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The invocation of the Emergencies Act to quell the trucker protest and occupation of Ottawa continues to raise legal and constitutional issues. One of these is the scope of our constitutional protection against “unreasonable search and seizure”.

In invoking the Emergencies Act, the Liberal government enacted the “Emergency Economic Measures Order”. This order required financial institutions to search their records for customers suspected of “directly or indirectly” engaging in a “public assembly that may reasonably be expected to lead to a breach of the peace,” [i.e. the trucker occupation] or “directly or indirectly” using their money to facilitate such protests, and then seize their financial accounts.

The argument is being made that the Emergency Economic Measures Order amounted to a general warrant, or a writ of assistance, enlisting banks to help the Trudeau government hunt down their political enemies and seize their bank accounts:

[a] Historically general warrants and writs of assistance were considered to amount to acts of tyranny and were a major cause of the American Revolution.

[b] Unreasonable searches and seizures by government are prohibited by Section 8 of the Canadian Charter of Rights and Freedoms.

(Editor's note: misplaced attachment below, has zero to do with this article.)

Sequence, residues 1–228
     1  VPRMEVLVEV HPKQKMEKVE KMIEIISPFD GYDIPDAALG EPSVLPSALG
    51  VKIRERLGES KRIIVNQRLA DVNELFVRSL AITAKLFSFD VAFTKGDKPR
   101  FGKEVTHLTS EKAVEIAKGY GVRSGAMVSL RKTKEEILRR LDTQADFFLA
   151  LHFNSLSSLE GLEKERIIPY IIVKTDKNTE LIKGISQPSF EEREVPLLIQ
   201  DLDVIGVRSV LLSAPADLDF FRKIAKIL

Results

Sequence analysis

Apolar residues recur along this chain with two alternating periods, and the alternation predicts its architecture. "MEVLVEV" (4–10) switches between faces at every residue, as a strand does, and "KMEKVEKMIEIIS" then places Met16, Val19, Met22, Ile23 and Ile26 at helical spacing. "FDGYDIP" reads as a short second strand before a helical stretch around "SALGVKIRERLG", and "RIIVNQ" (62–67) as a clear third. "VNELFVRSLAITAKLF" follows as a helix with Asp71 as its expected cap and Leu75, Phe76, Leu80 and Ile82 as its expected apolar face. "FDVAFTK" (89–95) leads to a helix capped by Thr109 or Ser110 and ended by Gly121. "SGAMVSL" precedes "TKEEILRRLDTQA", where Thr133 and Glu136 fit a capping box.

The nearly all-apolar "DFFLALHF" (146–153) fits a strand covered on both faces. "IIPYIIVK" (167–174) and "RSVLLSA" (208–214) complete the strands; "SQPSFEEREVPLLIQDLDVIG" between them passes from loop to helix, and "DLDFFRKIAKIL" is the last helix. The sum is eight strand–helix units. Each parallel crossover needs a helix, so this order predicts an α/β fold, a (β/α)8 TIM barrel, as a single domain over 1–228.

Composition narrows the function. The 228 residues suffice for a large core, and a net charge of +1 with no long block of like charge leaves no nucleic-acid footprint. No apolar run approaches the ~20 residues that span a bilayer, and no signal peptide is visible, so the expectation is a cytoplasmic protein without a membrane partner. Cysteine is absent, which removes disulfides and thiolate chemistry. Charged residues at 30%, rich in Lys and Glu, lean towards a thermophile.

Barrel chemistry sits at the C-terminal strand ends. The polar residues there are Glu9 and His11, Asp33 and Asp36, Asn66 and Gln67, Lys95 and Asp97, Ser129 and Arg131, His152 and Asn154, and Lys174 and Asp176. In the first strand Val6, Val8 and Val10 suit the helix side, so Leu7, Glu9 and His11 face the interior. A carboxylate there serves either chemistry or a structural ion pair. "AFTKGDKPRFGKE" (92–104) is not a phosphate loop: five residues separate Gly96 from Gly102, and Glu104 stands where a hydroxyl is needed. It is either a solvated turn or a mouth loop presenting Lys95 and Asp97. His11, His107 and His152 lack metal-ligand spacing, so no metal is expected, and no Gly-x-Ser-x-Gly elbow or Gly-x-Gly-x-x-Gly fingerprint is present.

[c] Section 8 is intended to keep us secure against unreasonable searches and seizures by the executive, by requiring judicial oversight of government action. That is, by requiring specific search and seizure warrants from an independent judiciary, based on reasonable grounds that a specific offence had been committed by a specific person.

The counter argument is that the Emergency Economic Measures Order was reasonable limitation on section 8 of the Charter based on exigent circumstances - to counter a national emergency which “endangered the lives, health or safety of Canadians”

At our next meeting we will be discussing the historical background to this issue and the Canadian cases which interpret and apply the constitutional prohibition of unreasonable search and seizure.

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